the Civil War. They were little girls when Grandmother Cornelia talked often 

of that time. But, they were so impressed they could  remember some of her 

stories.  They said she spent much of her time reading the big family Bible. 

She talked about the War and the Bible many times.

     Grandmother Cornelia’s home was on a plantation outside Athens, near 

Atlanta, Georgia. Her father owned numerous farms and plantations around 

the state. But after The War Between the States, as she called it, their property 

was pretty much left in shambles and much of their wealth was gone.

      The men in the family had been gone most of the time. When they returned, 

after the War, their Confederate money was worthless. But they struggled through 

their situation  for several years.

     Some slaves stayed on the plantation after the War and Grandmother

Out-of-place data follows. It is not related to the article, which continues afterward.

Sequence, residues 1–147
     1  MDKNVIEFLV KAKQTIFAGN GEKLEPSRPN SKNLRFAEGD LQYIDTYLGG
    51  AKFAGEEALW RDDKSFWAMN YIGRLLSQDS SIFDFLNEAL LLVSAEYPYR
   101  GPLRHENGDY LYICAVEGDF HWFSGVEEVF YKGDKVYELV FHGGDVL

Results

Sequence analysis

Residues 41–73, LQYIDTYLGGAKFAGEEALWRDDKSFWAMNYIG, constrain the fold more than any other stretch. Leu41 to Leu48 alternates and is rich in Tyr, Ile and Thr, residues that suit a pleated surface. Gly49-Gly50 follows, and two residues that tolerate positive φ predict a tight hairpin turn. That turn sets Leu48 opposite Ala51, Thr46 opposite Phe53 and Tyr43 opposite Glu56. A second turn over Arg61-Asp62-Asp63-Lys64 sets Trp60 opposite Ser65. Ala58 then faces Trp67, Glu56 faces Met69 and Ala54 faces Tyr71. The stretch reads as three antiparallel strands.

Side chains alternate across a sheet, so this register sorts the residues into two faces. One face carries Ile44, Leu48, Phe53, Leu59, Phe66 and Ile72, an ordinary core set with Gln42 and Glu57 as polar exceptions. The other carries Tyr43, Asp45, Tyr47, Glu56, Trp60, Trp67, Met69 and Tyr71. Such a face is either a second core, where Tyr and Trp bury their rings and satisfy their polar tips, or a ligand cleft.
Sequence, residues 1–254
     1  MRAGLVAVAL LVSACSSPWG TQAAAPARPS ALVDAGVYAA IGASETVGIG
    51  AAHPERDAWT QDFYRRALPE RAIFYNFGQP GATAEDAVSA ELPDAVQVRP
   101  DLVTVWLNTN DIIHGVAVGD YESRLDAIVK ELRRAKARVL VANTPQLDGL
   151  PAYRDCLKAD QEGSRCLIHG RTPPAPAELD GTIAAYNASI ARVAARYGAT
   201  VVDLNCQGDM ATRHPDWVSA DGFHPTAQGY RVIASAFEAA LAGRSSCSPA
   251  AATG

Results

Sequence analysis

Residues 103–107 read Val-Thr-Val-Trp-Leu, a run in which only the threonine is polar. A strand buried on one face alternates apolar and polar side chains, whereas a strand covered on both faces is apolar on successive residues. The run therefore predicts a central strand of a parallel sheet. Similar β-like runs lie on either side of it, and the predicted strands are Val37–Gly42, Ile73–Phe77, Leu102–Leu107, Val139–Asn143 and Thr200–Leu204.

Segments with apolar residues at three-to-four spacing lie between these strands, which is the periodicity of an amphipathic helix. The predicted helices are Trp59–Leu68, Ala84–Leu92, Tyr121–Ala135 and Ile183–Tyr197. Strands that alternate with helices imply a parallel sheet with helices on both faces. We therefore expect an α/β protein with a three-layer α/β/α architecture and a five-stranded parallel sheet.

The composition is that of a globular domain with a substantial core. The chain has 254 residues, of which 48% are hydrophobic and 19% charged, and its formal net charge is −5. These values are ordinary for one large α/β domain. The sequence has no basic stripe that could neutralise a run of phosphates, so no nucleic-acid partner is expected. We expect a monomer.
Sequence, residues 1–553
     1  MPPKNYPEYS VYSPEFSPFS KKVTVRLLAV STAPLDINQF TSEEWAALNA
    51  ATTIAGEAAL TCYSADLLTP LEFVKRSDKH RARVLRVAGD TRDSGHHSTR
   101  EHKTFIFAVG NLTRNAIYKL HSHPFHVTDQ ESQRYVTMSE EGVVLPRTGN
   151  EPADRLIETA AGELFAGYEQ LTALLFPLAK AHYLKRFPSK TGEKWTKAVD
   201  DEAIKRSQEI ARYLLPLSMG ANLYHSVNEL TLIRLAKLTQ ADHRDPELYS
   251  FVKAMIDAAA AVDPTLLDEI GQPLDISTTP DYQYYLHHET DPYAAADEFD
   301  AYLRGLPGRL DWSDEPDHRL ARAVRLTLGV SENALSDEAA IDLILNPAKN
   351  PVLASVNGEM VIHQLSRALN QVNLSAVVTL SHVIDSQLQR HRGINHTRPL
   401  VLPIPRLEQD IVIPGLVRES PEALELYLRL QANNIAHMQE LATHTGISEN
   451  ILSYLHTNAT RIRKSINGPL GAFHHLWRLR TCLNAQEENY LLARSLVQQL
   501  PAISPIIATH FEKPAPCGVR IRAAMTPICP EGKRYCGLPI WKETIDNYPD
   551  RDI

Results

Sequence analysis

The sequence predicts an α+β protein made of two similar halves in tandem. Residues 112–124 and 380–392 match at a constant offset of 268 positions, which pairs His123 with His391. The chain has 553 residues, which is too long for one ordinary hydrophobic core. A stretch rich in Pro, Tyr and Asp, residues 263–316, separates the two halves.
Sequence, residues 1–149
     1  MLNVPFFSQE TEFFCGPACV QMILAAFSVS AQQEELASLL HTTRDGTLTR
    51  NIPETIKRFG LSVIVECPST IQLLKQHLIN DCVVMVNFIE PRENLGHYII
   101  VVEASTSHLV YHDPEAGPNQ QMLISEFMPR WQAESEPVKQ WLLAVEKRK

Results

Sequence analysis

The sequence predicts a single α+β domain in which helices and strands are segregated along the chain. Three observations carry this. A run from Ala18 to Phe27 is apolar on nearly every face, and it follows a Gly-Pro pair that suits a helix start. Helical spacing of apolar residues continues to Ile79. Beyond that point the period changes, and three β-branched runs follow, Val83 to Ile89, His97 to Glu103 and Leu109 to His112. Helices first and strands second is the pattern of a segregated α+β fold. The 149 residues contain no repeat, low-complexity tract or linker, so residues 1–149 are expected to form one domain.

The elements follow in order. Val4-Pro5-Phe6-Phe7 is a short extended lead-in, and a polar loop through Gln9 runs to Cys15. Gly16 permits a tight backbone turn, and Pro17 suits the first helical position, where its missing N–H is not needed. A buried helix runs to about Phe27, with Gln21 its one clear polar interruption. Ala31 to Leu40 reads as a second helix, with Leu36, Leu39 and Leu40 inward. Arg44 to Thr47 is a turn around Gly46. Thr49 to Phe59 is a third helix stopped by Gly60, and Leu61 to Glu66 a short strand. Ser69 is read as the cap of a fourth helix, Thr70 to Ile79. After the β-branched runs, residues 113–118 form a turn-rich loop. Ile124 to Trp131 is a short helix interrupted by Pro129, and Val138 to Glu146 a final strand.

Cornelia taught the ex-slaves’ children  to read.

      Later, after her second cousin, Captain Albert Baird returned from 

the War, they married. My mother said there were not many men around because

 of the high fatality rate of the War. After Grandmother Cornelia’s parents died,

she and Grandfather Baird traveled by covered wagon, with some of the ex-slaves, to

 Hope,  Arkansas,  to  Grandfather Baird’s family. Grandfather Baird

 bought a  mercantile store in Hope and a farm, outside of the city.

     The Civil War was a constant memory in my mother’s family. At least two 

generations talked of it often. Only remnants of the family stories, pertaining

 to the Civil War,   remain today. Mother remembered only a few.  And I

vaguely remember the stories mother told.

     It’s like trying to hang onto a very old quilt that was used often to keep us 

warm.  Over the years it became worn,  frayed, and tattered. Now, I’m

clutching a threadbare quilt that is hardly recognizable as the same quilt that  

brought comfort to those who held it.